Kuwaiti MPs demand citizen debt write-offs amid crisis


The plan came after investment firms said they were unable to obtain fresh loans to continue their business during the global crisis. Parliament is expected to debate the plan on March 3. Several deputies have urged the government to bail out indebted citizens, who have been hit hard by a sharp stock market decline. Five MPs have proposed a bill to buy citizens’ loans valued at around 2.2 billion dinars, said Islamist MP Daifallah Buramya.

We think that this bill will help revive the economy," he asserted, adding that about 30 MPs might support the bill. "Buying citizens’ debt is a big part of the solution as it would…support all sectors of the economy," said fellow Islamist MP Ali Al-Deqbasy.

On Sunday, Central Bank Governor Sheikh Salem Abdulaziz Al-Sabah said he expected local banks to provide loans to companies worth up to KD 4 billion this year and next under the new rescue plan, of which Kuwait would guarantee 50 percent. "If the government is protecting the wealth of merchants, we also have to care about the woes of Kuwaiti citizens," said MP Saad Al-Khanfour.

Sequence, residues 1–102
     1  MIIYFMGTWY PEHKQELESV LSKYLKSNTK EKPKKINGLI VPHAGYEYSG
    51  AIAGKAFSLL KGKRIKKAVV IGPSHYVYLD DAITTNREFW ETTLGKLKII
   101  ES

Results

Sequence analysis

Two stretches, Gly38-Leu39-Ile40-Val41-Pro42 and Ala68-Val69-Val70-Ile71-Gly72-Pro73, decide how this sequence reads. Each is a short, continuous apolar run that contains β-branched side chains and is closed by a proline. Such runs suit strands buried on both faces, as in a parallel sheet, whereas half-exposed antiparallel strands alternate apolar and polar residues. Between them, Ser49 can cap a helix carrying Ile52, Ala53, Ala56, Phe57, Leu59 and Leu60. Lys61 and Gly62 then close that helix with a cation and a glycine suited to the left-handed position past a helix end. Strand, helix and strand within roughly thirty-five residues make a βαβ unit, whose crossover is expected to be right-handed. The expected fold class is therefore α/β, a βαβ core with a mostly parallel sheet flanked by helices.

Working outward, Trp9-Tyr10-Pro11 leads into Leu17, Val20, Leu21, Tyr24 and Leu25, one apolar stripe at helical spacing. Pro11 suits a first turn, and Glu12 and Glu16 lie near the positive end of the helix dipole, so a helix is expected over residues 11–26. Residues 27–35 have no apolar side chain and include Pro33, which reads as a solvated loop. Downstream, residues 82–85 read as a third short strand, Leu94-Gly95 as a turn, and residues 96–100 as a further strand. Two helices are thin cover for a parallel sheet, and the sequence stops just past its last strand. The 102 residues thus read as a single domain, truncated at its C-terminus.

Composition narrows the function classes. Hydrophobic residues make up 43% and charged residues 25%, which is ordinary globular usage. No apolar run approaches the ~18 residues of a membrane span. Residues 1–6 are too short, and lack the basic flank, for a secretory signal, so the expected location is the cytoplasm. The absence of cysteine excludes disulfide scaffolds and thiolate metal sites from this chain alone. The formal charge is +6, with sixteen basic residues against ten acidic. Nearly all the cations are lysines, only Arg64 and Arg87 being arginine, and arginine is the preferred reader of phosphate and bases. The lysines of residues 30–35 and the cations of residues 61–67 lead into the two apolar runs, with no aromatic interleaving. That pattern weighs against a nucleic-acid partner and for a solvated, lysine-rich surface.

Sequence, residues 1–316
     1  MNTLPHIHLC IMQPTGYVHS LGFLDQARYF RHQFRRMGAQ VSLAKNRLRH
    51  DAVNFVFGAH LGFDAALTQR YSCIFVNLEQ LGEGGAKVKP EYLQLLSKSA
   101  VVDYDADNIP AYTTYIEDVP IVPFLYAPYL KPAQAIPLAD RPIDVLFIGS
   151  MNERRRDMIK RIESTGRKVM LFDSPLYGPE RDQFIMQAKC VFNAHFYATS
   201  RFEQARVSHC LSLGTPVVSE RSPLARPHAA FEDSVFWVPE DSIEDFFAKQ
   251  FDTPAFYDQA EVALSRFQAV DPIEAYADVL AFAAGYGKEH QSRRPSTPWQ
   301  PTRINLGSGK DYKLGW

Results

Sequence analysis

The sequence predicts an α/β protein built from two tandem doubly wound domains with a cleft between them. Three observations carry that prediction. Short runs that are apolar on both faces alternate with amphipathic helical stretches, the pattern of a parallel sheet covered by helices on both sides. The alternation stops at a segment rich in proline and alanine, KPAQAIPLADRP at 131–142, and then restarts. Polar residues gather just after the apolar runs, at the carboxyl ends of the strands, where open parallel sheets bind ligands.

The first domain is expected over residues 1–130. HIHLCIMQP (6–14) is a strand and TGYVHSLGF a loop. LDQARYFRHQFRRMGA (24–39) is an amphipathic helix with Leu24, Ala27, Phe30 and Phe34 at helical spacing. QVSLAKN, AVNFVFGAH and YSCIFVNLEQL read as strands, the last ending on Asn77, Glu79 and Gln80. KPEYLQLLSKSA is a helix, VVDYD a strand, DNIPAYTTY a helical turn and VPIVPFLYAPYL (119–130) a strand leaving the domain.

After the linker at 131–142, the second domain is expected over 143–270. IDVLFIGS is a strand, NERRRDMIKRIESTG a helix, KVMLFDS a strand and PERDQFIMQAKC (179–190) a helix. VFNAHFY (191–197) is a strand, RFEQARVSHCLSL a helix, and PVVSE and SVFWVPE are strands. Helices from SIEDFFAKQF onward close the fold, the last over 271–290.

Abdulwahed Al-Awadhi, the head of the parliamentary finance committee, disagreed, insisting that parliament should instead focus on the proposed rescue package. "I hope that we [MPs] will concentrate on the bill, which will strengthen financial stability in Kuwait especially under the current economic circumstances," he stated.

The government has been under increasing pressure to support troubled investment firms, which make up more than half of the country’s listed companies. Global Investment House said that it defaulted on most on its debt last month, while Investment Dar has said it is seeking up to $ 1 billion in loans to refinance its debt. Kuwait’s parliament has a history of challenging the nation’s government, unusual in a region of autocratic rulers.

Debt write-off became a hot political issue after MPs in 2007 pushed through a KD 300 million state fund to help citizens settle debts. The government has tried to end a costly nanny state tradition, which has led some citizens to take out large loans in the hope of write-offs. The state wrote off all consumer loans after the 1991 Gulf War. It also wrote off debts in a plan to settle $ 20 billion in bad loans after a 1982 bourse crash.


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